The L Mag Questionnaire for Writer Types: Drew Magary

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09/19/2011 1:48 PM |

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Drew Magary writes most famously for Deadspin, along with many other fine sports and general-interest publications. The Postmortal is his first novel, and he’ll talk about it with Will Leitch tonight at BookCourt.

For our readers who may not be familiar with your work, what’s the most accurate thing someone else has said about it?
Oof. Without sounding egotistical? Can I go with “profane”? I think that’s usually the first thing that comes to mind. “WHOA HEY, this guy swears! A LOT! A whole fucking lot!” I get that a lot. Part of the reason I wrote this book and left it fairly light on swearing was because I knew there was a significant portion of the population that doesn’t like seeing “cockwallet” used every other word.

What have you read/watched/listened to/looked at/ate recently that will permanently change our readers’ lives for the better?
My friend told me a while back his favorite book ever was Stephen King’s The Long Walk, so I’m in the middle of reading that and it’s really good. I haven’t gotten to the end yet but I know it’s gonna ruin me.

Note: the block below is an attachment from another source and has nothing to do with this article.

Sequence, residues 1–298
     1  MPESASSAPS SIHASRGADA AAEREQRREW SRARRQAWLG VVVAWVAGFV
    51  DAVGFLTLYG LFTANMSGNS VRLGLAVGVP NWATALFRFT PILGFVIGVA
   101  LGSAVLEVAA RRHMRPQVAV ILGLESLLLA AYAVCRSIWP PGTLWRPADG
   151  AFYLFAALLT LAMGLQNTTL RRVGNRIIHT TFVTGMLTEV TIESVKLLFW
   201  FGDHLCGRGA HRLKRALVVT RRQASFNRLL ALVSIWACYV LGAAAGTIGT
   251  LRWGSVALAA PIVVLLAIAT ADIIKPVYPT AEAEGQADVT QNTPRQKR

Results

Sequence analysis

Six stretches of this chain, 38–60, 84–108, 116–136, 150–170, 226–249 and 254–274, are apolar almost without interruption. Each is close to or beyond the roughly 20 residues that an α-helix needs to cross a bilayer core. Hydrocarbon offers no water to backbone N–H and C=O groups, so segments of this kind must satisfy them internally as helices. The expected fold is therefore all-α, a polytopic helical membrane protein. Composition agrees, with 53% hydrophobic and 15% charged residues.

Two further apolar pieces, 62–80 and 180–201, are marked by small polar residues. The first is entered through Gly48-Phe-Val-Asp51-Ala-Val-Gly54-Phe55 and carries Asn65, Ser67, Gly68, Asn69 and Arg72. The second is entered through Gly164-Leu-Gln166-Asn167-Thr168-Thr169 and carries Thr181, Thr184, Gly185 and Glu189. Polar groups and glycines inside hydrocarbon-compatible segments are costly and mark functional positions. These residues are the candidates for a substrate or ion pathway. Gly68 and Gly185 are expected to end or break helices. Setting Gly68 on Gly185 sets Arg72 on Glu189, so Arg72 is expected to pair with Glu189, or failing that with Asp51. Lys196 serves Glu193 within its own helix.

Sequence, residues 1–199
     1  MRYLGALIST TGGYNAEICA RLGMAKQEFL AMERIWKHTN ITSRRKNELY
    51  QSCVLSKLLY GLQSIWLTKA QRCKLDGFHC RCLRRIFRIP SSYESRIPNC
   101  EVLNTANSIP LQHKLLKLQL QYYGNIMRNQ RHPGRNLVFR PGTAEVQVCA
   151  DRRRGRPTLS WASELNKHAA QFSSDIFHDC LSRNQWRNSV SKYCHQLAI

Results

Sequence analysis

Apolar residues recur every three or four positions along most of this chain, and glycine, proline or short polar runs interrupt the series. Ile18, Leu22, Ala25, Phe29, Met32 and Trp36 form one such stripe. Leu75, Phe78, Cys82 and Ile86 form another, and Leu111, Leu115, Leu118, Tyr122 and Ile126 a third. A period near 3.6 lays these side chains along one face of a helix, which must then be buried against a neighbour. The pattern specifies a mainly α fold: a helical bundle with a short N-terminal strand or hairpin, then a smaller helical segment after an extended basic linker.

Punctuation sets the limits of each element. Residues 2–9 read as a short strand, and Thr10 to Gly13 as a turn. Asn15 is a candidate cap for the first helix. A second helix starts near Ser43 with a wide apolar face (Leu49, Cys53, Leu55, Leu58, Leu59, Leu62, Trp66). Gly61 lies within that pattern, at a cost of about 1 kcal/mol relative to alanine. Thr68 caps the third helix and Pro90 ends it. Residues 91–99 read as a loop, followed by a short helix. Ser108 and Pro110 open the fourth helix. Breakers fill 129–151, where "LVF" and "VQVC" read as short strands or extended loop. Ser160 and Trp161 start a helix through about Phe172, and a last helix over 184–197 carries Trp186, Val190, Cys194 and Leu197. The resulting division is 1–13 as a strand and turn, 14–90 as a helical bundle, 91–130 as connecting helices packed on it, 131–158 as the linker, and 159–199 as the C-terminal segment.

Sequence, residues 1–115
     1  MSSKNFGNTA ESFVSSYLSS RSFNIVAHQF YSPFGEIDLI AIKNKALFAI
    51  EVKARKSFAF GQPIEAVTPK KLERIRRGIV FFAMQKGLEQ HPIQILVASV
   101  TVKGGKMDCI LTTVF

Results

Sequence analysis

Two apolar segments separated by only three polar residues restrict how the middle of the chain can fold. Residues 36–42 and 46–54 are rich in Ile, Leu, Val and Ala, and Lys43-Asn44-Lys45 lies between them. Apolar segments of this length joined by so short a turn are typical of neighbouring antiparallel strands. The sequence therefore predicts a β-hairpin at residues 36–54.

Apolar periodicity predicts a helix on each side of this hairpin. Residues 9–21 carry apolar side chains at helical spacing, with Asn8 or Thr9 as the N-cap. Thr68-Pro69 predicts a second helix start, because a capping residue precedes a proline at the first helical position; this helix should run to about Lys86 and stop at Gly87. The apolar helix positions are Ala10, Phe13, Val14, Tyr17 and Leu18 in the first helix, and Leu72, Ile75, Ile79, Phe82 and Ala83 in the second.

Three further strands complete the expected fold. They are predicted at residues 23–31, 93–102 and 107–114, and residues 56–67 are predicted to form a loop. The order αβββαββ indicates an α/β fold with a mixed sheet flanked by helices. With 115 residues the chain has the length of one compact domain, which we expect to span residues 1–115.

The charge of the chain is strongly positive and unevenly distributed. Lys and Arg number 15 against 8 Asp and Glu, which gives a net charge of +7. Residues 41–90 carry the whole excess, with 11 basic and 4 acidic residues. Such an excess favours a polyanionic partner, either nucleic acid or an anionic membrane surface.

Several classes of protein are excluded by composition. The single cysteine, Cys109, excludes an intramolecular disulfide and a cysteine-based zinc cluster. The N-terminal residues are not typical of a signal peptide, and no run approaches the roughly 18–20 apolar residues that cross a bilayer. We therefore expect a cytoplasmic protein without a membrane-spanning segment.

Whose ghostwritten celebrity tell-all (or novel) would you sprint to the store to buy (along with a copy of The Meditations of Marcus Aurelius so that the checkout clerk doesn’t look at you screwy)?
Do they have to be alive? If they have to be alive, I’ll go with the Navy SEAL who killed bin Laden. In fact, that’s pretty much the only one I’d buy.

Have you ever been a Starving Artist, and did it make you brilliant, or just hungry?
I’ve never been starving. I grew up in the suburbs and never wanted for much of anything. But I have been laid off in my time. I have been jobless and had that terrible fear that I was never going to find any work ever again and die in the gutter (NOTE: Did not occur). Even now, though I’m published, I don’t technically have a “job.” I freelance, and that’s always nerve-racking. You always feel like you’re seconds away from the rug being pulled out from under you. So yeah, that can light a fire under your ass sometimes. But I never found it poetic. I just found it motivating, in an unpleasant way, really. I’d rather NOT be desperate.

What would you characterize as an ideal interaction with a reader?
Boy, I dunno. Probably when they take an idea of yours and build off it. Not just saying “This thing you wrote is good,” or “This blows,” but saying, “Well that makes me think X…” They run with it. That’s more rewarding than compliments and insults.

Have you ever written anything that you’d like to take back?
Nope. No regrets.

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